#6: Could you explore the validity of my story experimentally? How would you do it? Could you explore the validity of my story with a simulation? How would you do it? With either, what assumptions or approximations would you need to make?

#7: What parts of my story seem wrong? What assumptions have I made? Are they reasonable assumptions? What aspects of the situation am I ignoring? Is it reasonable? Overall, is this a viable model? How could you tweek it or refine it?

#8: Typically, we use energy to tell stories about initial and final states. Have we gained anything by trying to tell a spatially and temporally continuous energy story? Why is it so hard to tell such stories?

1 comment:

  1. Argh. Thanks for this. As you mention, this is exactly the swamp we end up in every September when a new class wrestles with what exactly the electrons are doing in there. (In my class it sounds like "which electron moves first?"). So far, my students have always insisted on discovering capacitance ("compressibility"), even though I'm not "supposed" to teach it until January. I finally figured out that I should stop stopping them. It makes the story make more sense. Now if I could just find a textbook that agrees.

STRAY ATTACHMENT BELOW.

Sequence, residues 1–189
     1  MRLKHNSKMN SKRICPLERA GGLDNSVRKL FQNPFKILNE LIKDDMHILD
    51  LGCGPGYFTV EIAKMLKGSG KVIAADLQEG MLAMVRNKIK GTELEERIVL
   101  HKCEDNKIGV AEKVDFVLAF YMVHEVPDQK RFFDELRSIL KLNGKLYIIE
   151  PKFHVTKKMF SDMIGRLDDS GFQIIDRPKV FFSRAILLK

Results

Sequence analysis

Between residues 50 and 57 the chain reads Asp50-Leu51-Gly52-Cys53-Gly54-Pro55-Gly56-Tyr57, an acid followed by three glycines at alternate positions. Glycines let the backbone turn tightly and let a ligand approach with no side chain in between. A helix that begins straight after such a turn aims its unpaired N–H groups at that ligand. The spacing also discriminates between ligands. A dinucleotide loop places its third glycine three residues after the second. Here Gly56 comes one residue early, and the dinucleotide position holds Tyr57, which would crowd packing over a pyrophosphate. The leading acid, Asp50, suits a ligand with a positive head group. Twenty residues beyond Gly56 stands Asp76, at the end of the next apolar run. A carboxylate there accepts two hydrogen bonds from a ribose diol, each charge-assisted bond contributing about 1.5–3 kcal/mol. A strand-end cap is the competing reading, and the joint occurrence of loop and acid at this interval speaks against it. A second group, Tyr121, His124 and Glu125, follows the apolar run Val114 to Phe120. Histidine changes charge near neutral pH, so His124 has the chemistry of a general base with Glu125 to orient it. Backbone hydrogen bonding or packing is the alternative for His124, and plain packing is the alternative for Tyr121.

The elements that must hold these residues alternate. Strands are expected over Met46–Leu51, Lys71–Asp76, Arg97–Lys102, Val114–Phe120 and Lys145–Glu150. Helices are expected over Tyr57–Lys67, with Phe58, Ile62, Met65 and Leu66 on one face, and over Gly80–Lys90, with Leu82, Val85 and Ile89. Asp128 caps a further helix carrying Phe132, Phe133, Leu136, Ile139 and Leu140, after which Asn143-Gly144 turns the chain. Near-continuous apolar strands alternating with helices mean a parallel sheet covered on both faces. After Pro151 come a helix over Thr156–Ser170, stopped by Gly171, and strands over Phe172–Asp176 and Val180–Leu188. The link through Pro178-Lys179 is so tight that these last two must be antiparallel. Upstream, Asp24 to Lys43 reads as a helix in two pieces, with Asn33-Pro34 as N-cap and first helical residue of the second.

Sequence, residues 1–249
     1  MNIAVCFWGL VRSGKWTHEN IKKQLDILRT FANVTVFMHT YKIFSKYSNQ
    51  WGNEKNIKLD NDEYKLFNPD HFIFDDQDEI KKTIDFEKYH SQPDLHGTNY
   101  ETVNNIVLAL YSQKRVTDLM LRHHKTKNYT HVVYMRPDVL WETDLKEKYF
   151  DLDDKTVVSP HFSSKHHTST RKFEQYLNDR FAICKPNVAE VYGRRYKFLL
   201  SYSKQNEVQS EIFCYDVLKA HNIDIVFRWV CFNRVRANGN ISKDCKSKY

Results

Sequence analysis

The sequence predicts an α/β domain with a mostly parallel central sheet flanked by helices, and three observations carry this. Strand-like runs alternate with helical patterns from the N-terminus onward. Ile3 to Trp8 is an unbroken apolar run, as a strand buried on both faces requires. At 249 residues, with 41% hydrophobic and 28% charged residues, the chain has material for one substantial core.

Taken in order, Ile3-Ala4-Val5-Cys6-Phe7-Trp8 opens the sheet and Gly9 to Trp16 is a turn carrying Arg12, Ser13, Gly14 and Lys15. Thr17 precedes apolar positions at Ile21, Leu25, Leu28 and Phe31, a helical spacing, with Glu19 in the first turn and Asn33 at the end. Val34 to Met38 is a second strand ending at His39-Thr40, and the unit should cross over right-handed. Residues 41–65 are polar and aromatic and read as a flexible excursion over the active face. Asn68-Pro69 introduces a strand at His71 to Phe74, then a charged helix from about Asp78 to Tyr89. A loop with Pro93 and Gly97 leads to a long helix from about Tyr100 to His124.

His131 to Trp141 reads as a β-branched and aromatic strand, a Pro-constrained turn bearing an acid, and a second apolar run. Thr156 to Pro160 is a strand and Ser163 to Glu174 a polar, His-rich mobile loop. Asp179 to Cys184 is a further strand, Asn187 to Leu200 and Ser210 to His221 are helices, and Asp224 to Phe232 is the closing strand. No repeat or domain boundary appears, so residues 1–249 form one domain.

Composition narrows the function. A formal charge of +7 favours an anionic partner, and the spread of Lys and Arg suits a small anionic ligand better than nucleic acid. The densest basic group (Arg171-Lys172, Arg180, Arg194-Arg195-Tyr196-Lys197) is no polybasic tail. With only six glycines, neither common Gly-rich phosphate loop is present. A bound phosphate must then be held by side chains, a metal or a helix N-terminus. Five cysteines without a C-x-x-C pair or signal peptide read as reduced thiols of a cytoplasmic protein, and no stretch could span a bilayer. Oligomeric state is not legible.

Re #8: I think continuous stories are a win. Especially for things that aren't visible. They help me construct a video in my head instead of a snapshot. Forcing myself to reason through a continuous story makes it easier to detect the "discontinuities" where I've made an assumption I can't support. I'm thinking of having this year's students write a postcard to mom from the point of view of an electron who's just left home. (the other thing I find helpful is standing in a "circuit" and pretend to be electrons... maybe the same could be done for hula-hoop molecules).

    Why are they so difficult? I don't know (they don't seem to be so difficult in literature or history class). Maybe because our language is linear, forcing us into thinking of only one thing happening at a time? Maybe because it brings us into contact with assumptions we'd rather not question? Maybe because years of pseudo-science class have taught us to be reductive and magical in our thinking? Quantum mechanics and chaos theory obviously have some things to say about determinacy but that only tells me that there are many possible stories. It doesn't help me understand why it's so hard to pick one and tell it.